|Scene 1||We move to May 1963, and Princess is upset when a classmate doesn’t invite her to her birthday party due to racial discrimination.|
Wendall and Mavis become closer and they dance together, before Wendall Junior interrupts them. He tells them about a protest being organised for the Bus Boycott, and Wendall agrees to join.
|Scene 2||After a night out, Margot and Wendall argue about the merits of the Bus Boycott, with Margot seeing them as an unnecessary nuisance.|
Wendall vows to become a dedicated activist for the cause and Mavis is proud of him for that. After this, Wendell and Mavis rekindle the romantic side of their marriage.
|Scene 3||Wendall Junior gets attacked by racists after the protest, and his father goes out to find the perpetrators. Lorna becomes upset about the way she is treated for being mixed-race, feeling that she is ‘only half’ of any culture or family.|
|Scene 4||Margot visits Mavis, and their relationship is shown to be strained because of their opposing views on the boycott.|
Mavis reveals that Wendall had a good desk job in the military in Jamaica, and was transferred to England only to be given a much lower position. As a result, he turned to crime, seeing it as a better alternative to working a job with few prospects.
|Scene 5||Wendall tries to repair relations with his son, but Wendall Junior offers his father his life savings if he leaves the family.|
Having given up on her dream of being a beauty queen due to cruel comments about her appearance, Princess cuts up the costumes that she used as part of her imagined beauty pageants.
The final act brings a mixture of emotions and developments, as the family navigates crises and eventual reconciliation. It portrays the characters coming to terms with their complex histories, and finding unity and hope in the midst of the success of the Bristol Bus Boycott.
|Scene 1||Mavis looks frantically for Princess, who has gone missing and left cut-off strands of her hair behind. Wendall Junior guesses that his father has taken her away with the bribe money. Therefore, they go out in search of her.|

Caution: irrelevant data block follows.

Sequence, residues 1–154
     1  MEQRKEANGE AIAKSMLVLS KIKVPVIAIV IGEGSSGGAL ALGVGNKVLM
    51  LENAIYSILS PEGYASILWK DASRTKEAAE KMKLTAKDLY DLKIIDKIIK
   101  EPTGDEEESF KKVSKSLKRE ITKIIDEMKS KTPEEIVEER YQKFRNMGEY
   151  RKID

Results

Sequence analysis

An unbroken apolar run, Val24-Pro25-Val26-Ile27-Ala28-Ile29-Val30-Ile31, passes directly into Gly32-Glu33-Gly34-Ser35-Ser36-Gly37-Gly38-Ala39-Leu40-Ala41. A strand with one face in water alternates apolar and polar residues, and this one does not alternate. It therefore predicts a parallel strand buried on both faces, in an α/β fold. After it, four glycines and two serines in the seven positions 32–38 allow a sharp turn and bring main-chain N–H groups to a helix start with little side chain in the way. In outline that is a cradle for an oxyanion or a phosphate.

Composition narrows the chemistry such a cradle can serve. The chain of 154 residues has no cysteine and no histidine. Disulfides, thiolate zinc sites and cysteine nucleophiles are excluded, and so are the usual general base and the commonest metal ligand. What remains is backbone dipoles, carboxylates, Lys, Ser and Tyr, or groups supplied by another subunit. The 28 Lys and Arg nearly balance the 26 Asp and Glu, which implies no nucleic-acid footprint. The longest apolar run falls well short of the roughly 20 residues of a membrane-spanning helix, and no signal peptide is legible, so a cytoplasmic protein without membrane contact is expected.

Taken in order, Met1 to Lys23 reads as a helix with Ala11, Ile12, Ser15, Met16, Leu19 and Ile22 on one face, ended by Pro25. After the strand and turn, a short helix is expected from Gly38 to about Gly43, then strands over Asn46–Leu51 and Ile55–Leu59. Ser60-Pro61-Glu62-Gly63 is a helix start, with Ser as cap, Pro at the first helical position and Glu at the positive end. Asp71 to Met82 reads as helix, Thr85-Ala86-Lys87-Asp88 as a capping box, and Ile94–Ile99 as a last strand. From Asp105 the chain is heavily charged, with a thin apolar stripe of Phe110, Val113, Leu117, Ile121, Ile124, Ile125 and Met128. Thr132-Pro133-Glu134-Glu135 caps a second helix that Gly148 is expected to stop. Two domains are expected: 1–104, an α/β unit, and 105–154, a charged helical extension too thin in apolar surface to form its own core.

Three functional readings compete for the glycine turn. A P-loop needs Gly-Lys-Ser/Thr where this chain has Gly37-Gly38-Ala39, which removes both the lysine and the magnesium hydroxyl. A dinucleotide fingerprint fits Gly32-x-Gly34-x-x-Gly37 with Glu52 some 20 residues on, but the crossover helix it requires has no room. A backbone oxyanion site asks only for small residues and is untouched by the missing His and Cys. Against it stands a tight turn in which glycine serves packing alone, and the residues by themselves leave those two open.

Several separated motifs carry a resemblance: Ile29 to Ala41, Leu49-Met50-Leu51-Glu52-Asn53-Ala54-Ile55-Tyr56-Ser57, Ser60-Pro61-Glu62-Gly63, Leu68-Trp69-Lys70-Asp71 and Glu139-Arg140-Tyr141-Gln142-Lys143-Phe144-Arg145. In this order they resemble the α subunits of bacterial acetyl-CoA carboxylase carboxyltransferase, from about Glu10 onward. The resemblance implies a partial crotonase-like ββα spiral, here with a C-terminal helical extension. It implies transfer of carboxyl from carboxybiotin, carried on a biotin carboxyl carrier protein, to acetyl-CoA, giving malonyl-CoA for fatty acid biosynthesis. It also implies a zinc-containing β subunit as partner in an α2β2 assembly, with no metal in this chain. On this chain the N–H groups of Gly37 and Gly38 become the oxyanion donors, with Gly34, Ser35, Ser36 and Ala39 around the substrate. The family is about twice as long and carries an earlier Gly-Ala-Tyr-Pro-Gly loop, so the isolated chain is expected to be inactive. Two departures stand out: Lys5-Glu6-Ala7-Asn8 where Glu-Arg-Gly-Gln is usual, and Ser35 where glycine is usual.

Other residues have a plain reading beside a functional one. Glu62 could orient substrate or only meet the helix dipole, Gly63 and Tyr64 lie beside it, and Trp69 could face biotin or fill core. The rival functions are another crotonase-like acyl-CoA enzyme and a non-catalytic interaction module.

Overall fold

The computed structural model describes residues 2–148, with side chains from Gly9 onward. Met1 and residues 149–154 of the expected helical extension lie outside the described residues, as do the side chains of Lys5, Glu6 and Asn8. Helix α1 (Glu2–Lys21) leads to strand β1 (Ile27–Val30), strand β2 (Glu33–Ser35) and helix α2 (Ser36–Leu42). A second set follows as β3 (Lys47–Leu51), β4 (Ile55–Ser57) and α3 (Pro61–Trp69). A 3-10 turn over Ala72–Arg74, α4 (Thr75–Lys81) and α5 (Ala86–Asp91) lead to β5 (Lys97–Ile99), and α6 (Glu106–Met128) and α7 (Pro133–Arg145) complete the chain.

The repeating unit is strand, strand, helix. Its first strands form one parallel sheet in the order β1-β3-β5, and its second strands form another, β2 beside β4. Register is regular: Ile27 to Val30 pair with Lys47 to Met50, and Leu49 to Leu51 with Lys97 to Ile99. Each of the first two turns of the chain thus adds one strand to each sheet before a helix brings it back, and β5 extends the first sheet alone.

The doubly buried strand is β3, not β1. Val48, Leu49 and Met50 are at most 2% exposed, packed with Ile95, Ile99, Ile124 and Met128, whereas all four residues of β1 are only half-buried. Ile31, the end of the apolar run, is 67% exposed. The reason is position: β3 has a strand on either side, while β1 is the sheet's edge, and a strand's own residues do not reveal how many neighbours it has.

|Scene 2||Margot arrives home after a night out and finds Princess hiding in her flat. Princess tells her about the racist abuse she has suffered at school.|
To comfort her, Margot tucks her up in bed and goes to find Mavis to let her know where she is.
|Scene 3||Margot brings Princess home. Initially, Margot is angry with her neighbour, but then soon realises the support she has given Princess. This causes the two neighbours to reconcile.|
|Scene 4||Wendall had disappeared for two days and is presumed to have abandoned the family again. However, he returns home drunk and triumphant, revealing that the Bus Boycott has been successful.|
He proposes to Mavis, wanting a fresh start for their marriage, and vows to get a job on the docks to support his family.
|Scene 5||Mavis gathers the family to go out and celebrate the victory of the boycott. She lifts the spirits of the downbeat Princess by instilling her with confidence and appreciation of their race and culture.|
After this, the family comes together for a unifying photograph, taken by Wendall Junior.
|Scene 6||In Princess’s imagination, Wendall wears a dress and makeup at Princess’s order. He presents his daughter with a crown to signify her victory in a beauty contest.|
She joins a line of ‘the most beautiful Black women of all sizes and nations’ and together they take a bow.